App Reviewed on: iPhone 3GS
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Mediocre Games has been gracious enough to give uncertain alien firefighters a taste of what's in store with Sprinkle Free, which they released on the App Store earlier this month. Not only does it give penny-pinchers a way to try before they buy (or possibly try without buying at all), it also features 12 new levels. Of course, those interested in acquiring the full version and its current offering of 60 levels can always do so once they've completed this initial offering.
Human beings are always the real monsters, aren't they? It's a fairly common twist to a story these days (so I suppose it's not that much of a twist anymore), but to an extent I'd still call it a valid assessment. I mean, human kind has been trashing the planet for quite a while now, right? It seems natural to assume that sometime in the future we'll be responsible for upsetting the delicate ecosystem of a planet full of innocent little blob-things simply by driving an interstellar tour bus too close to their atmosphere.
Sprinkle: Water Splashing Fire Fighting Fun! puts players in charge of the blob-planet's seemingly solitary fire engine, and tasks them with (what else?) dousing the blazes started by some careless passersby. Initially this is pretty simple stuff: just point the hose at the fires and press the button to start the water. Adjusting height is as simple as touching and dragging on the nozzle, and angle adjustments by dragging anywhere else on the screen. It isn't until the later half of the first world, and pretty much all of the second, that things get a bit more complicated.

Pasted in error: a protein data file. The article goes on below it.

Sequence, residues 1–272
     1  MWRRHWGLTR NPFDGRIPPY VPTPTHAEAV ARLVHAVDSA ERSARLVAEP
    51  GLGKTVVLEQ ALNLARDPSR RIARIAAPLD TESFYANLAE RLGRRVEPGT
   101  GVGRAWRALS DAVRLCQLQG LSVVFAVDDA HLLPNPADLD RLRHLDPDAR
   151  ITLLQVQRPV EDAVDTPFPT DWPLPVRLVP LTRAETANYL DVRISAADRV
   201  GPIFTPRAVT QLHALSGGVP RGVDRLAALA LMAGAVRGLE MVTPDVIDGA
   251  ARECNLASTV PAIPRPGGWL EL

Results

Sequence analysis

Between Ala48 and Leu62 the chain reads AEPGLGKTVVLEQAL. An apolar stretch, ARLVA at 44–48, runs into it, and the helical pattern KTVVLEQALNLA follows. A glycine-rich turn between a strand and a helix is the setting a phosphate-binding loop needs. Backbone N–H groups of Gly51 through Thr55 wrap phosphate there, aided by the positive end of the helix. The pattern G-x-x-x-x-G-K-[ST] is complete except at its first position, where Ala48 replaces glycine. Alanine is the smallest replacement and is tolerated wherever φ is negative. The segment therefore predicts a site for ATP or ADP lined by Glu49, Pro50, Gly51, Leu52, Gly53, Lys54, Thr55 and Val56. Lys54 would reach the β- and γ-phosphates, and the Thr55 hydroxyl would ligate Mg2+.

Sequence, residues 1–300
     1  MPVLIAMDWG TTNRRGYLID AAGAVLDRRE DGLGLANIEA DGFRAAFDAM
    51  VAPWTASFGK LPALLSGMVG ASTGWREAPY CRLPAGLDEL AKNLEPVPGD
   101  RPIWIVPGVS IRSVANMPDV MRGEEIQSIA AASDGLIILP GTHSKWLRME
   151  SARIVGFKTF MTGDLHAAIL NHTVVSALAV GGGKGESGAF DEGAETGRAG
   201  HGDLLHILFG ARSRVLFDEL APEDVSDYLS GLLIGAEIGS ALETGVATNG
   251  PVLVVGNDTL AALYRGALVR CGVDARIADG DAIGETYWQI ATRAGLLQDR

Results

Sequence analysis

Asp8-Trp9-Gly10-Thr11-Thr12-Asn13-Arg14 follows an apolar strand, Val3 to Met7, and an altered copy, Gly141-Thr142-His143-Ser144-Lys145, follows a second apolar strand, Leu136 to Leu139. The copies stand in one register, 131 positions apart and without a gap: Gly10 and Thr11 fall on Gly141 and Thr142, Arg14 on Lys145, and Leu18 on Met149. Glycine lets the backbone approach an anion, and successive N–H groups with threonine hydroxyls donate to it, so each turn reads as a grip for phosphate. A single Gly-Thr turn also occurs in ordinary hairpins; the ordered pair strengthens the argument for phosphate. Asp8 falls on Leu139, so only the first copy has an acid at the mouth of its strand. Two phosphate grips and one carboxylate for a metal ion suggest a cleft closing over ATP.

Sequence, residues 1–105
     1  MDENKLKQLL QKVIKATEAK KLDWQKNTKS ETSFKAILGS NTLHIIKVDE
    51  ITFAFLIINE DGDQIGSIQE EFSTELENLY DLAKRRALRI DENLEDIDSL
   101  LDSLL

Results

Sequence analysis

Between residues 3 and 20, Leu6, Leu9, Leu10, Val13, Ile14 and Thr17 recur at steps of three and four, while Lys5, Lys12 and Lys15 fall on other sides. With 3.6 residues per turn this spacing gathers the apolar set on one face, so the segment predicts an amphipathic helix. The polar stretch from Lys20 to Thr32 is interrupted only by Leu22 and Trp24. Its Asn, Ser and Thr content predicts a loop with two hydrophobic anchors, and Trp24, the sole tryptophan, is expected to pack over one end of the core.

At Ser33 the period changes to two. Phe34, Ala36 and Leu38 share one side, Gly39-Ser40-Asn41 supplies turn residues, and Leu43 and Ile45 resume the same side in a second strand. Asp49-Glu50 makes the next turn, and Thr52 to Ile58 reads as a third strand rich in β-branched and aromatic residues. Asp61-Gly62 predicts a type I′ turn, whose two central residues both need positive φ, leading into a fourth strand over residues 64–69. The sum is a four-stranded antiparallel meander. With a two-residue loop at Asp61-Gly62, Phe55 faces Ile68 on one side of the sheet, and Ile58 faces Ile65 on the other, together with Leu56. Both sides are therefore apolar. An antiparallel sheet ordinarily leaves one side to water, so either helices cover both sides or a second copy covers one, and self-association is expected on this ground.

Sprinkle is one of those deceptively complex games. What begins as merely pointing water spouts at fire evolves into some pretty perplexing and downright crazy physics puzzles. Some might require foresight because opening up a path to one blaze might completely block another, and others use timing and a steady aim so that crevices can be blocked so that the water can reach a new area.
If the physics didn't work this could be problematic, but it all comes together surprisingly well and makes for one heck of a fun and addicting game. Having to earn a set number of "drops" or whatever they are in order to access the next level is both maddening and brilliant. It forces me to replay past levels in order to earn a better rank, rather than just be content with my mere 1 drop and be done with it. All-in-all, I wouldn't call that a bad thing.
As much as I enjoy the physics-heavy puzzles, they can be a tad too detailed. What I mean is, sometimes the difference between getting that block in the right place and having to restart (again) boils down to physics-luck. I've also experienced some slowdown during moments with lots of water on screen, which I initially attributed to having downloads in the background, but have since experienced even when nothing else was going on.
It feels like it's over a bit too soon. There is a third area to unlock through an in-app purchase, but I'm not too sure how I feel about paying for a third bonus world right out of the gate. However I can't deny that the other two, with their 22 levels between them, are a complete blast.